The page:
Lastly, she unstrung a length of Tibetan-style prayer streamers and tied both ends up on tree branches by the side of the shrine in order for the wind to hurry her prayers to the goddess.
‘I prayed for Gemu to be happy and also to bless my family with another year of plentiful harvest and good health,’ she explained later when I asked her to tell me about her prayers.
After thanking her, I followed the crowd down the slope to mill around the merry-makers. People gathered around a patch of green to wait for the start of the entertainment. A Mosuo man strode centre stage and lifted his flute to his lips. Softly he blew a soulful tune which I was later to learn was the usual signal for the start of the circle dance. A few brave souls stepped forward eagerly to link their hands and began moving to the rhythm of the flautist’s music and gait as he led them round the makeshift dance floor.
Soon more locals joined in, hurrying to assume their positions in the dance line, the men in front, the women following and the children trailing behind. And dressed up they all were, the women resplendent in their colourful headdresses matching their multi-hued tops, swishing their long flowing white skirts, with the men jaunty under cowboy hats in their bright yellow tops. Everyone joined hands to form a dancing circle behind the piper as he continued with his four-beat tune. Keeping beat, the men stomped in their high boots, the women danced gracefully and the children struggled to keep up. Now and then the dancing troupe broke out in loud chorus, singing to the familiar tune.
As the dancing continued, the onlookers made their way to their tents for an afternoon of feasting and wining. I too went in search of lunch and struck lucky when I stepped into the tent where a large family had congregated. In the crowded tent an elderly woman held court, surrounded by her many children and grandchildren. I smiled, and offered the woman a pack of cigarettes. She motioned me to sit next to her. Looking around, I spied a not-so-shy granddaughter and began engaging her in conversation. The teenage girl with a winning smile was called Cher-er Ladzu.
‘What is this festival all about?’ I asked Ladzu.
‘Today is Zhuanshanjie and we come here to celebrate the day dedicated to Gemu Mountain Goddess. I have been looking forward to this all year,’ she told me.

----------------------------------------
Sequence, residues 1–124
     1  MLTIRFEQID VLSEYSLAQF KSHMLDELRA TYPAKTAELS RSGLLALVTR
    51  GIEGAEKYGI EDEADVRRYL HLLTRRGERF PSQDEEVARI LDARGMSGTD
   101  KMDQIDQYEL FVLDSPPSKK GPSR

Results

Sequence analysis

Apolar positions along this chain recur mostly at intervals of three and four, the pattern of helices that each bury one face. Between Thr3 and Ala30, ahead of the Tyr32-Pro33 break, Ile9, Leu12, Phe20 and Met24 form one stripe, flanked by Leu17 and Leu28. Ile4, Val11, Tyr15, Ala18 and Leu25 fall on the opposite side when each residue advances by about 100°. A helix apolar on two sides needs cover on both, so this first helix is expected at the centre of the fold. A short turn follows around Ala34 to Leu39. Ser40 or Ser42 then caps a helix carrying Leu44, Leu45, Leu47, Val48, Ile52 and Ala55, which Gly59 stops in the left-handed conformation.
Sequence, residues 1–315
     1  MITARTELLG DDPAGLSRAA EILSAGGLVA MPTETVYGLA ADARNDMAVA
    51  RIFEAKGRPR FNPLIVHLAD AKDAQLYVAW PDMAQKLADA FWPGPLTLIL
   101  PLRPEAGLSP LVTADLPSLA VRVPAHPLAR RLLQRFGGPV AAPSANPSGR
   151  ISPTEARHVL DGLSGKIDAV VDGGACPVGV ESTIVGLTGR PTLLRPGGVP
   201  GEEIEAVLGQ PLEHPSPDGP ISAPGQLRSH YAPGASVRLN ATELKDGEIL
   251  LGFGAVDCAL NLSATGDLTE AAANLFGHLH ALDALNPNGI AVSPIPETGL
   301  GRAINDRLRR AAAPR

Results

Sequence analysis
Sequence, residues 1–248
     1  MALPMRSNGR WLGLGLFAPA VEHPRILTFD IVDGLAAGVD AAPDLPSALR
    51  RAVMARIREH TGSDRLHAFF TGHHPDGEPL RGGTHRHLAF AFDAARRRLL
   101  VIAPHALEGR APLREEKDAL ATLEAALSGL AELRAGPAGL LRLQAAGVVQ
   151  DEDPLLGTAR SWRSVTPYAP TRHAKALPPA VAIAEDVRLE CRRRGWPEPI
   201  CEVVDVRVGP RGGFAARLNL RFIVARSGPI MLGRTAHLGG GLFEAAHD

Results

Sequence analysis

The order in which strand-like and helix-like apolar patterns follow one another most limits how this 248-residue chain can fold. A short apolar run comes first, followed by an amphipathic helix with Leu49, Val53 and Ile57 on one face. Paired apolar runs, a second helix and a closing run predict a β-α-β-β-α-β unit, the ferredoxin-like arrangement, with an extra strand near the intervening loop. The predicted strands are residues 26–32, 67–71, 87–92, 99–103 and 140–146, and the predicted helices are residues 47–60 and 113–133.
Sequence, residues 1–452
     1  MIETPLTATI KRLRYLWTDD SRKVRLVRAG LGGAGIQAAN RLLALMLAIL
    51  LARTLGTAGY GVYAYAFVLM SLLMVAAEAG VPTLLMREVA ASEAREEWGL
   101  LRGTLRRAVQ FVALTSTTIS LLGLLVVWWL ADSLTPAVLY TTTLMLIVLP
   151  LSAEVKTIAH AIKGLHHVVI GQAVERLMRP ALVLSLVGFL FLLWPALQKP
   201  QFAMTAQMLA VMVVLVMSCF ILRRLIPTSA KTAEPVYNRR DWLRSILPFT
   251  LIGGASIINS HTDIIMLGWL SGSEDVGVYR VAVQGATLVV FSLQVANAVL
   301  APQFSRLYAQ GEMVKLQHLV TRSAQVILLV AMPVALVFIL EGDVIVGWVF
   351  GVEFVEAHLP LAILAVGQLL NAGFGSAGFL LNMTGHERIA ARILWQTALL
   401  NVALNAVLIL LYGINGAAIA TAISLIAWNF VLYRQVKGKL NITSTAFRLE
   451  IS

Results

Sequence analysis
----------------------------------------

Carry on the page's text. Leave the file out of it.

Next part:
As I settled in hoping for an invitation to the family picnic meal, Ladzu’s grandmother chipped in:
‘Gemu is our protector. Her duty is to look after all the Mosuo people by the lake. We give thanks to the goddess on her big day which falls on the 25th day of the seventh moon in the lunar year.’
Her next words, ‘Would you like to share our meal with us?’, were music to my ears. Lunch, she gestured to the boiling pot outside the tent, was a whole piglet cooked slowly in a soup. We tucked into the delicious meat with our fingers, picnic style. Someone offered me a choice of hot tea, beer or home-brewed kwangtan rice wine and I sat with Ladzu’s family, sipping and people-watching the afternoon away.
A festival always opens a window to the soul of the community that celebrates it. To me the Mosuo tribe’s keeping the Mountain Goddess Festival alive suggests a couple of things. Worshipping a mountain deity is part and parcel of the worship of nature, harking back to an ancient pagan tradition. Early humans venerated nature in one form or another, and deified objects such as the sky, the sun, the moon, streams, rock formations, animals and, not least, mountains. The Mosuos are no different and in continuing to celebrate and worship this mountain deity of theirs, they tell us that far from abandoning their ancient beliefs, they set great store in being connected to their cultural and religious origins.
In choosing to celebrate Gemu, a goddess instead of a god, the Mosuos also recognize the position of the female in their world. Here is the link between the Mosuo choice of a goddess, not a god, and the matrilineal heritage of this particular tribe. The choice of the female Gemu as their most important deity tells us that this community upholds femaleness as the cardinal principle at its heart and soul. It is consistent with their core value of tracing their lineage through the matrilineal bloodline.
These stubborn feminists, both women and men, return annually to Gemu’s shrine on the holy mountain to remind themselves of the place of the female in their universe. They are superstitious enough to pay homage to their divine protectrix to make sure that things turn out well for them in the coming year. The quality of their lives, they believe, depends on Gemu’s largesse. Her job, after all, is to bless and protect the Mosuo people who live under her shadow.
Besides observing the ancient ritual of worshipping Gemu Mountain Goddess, the Mosuos, I would come to learn, hold dear many other age-old cultural customs that are different and unique to them. One of my favourite stories is about how a Mosuo life is a dog’s life, literally. Not in the sense of a miserable life as the phrase is used generally, but in a deep sense of gratitude to the dog, the one animal that made the ultimate sacrifice of exchanging a long life in favour of humans. The lovely story of the dog and its special place in the Mosuo world is told time and again to every Mosuo child, and I would paraphrase it from the words of a Mosuo friend when I asked her about it.
‘Once upon a long, long time ago, the Great Spirit decided to dole out different lifespans to all the creatures under the sun. The rule of the game is to be the first animal to respond to the Great Spirit’s calling out a number to represent a certain lifespan.
‘“A thousand years!” the Great Spirit called out for the first time at the crack of dawn. An early riser, the wild goose flying overhead, squawked its claim to the thousand-year lifespan.
‘“One hundred years!” the Great Spirit made his second call. Flying behind the wild goose, a duck swooped down to lay claim on that second-best lifespan.
‘And so the calls went on and on, the lifespans decreasing in descending order.
‘“Sixty years!” was one of the final calls. Already up and wagging its tail, the dog took up that offer.